David Mooney, chief executive officer of Alliant Credit Union in Chicago, one of the nation's larger credit unions, used to work at a one of Wall Street's top banks, JPMorgan Chase. There's a vast cultural gap between Wall Street and his new world, he says. Old friends from the Street, now jokingly refer to him as a "socialist."
A credit union is supposed to be run in the interests of all members, he says, while commercial bankers tend to see consumers as customers who can be "exploited" by layering on more fees.
Says Mooney: "I don't say this lightly, but the consumer is simply an income stream and exploiting that is the purpose of the banking organization."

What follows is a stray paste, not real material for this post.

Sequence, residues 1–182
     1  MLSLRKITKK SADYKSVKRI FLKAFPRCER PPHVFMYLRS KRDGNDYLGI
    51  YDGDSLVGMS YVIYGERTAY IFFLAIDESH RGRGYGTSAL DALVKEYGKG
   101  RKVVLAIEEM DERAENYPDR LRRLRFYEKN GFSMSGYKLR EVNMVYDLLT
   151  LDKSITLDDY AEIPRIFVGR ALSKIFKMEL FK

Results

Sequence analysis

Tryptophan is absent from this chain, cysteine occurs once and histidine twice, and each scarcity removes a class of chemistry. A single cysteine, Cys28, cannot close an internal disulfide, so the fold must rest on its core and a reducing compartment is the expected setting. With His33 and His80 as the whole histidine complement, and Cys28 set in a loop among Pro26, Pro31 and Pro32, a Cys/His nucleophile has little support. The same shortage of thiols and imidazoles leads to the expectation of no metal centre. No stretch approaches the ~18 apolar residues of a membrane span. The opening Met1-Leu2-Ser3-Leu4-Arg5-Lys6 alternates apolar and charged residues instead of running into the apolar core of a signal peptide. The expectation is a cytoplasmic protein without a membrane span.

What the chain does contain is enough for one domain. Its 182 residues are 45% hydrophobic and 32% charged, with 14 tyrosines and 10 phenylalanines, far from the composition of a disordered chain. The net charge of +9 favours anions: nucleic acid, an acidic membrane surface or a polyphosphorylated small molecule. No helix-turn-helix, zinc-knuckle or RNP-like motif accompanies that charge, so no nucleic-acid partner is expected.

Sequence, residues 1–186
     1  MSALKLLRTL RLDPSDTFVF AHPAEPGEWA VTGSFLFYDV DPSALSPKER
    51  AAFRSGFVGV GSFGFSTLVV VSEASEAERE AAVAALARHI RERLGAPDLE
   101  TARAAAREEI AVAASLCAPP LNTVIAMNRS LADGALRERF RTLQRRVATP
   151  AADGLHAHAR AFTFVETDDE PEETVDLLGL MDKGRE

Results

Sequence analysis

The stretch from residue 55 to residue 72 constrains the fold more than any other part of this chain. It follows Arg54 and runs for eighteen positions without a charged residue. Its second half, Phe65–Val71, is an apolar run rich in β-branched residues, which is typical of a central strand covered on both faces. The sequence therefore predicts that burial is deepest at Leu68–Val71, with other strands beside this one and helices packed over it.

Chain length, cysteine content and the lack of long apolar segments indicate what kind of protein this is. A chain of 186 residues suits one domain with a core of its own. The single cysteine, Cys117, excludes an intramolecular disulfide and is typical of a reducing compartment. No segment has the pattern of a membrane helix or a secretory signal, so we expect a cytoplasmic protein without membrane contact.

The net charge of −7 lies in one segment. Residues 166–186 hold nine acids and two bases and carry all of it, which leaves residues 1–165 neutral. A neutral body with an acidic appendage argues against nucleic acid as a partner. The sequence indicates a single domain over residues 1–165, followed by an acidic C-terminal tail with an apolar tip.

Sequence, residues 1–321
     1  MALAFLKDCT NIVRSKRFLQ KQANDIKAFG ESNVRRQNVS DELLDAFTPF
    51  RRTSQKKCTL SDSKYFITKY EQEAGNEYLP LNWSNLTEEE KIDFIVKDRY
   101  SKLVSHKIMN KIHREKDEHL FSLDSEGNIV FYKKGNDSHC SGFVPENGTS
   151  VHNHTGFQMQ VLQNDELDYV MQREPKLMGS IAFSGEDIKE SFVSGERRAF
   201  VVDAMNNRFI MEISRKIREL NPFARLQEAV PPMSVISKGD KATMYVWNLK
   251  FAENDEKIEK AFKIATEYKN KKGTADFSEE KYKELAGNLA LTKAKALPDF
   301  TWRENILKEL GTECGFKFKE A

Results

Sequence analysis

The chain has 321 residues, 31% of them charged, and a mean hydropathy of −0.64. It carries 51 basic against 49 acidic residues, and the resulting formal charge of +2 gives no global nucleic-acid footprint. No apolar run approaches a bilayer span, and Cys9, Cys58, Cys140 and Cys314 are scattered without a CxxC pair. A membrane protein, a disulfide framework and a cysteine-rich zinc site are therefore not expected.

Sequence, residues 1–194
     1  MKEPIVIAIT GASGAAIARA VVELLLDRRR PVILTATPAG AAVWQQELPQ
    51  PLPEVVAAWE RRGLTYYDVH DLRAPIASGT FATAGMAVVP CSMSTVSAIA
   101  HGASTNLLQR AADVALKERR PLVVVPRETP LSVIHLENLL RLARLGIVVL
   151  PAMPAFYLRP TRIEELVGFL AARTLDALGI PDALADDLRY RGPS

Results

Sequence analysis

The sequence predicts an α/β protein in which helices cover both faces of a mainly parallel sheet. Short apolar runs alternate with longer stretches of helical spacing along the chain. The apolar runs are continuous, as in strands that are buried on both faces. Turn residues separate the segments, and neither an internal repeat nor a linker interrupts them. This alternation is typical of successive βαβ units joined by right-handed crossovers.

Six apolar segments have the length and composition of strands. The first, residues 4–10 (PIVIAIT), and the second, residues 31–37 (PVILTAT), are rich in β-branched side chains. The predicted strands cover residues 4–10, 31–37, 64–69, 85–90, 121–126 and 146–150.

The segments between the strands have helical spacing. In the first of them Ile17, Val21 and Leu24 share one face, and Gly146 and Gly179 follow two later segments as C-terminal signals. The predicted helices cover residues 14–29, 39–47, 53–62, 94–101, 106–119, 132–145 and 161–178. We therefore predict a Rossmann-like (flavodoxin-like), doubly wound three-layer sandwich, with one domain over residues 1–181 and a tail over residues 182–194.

In conversations with nearly two dozen current and former bankers, finance professionals and money managers across the United States, the prevailing sentiment is that the anger at Wall Street's elite is misguided and misdirected. Blame the politicians and policymakers in Washington, many of them say, for encouraging people to buy homes they couldn't afford and doing nothing to stop or discourage U.S. consumers from piling on more than $10 trillion in household debt."I think everyone gets what the anger is about... But you just can't say, 'Well I want all debts forgiven.' That is not happening,"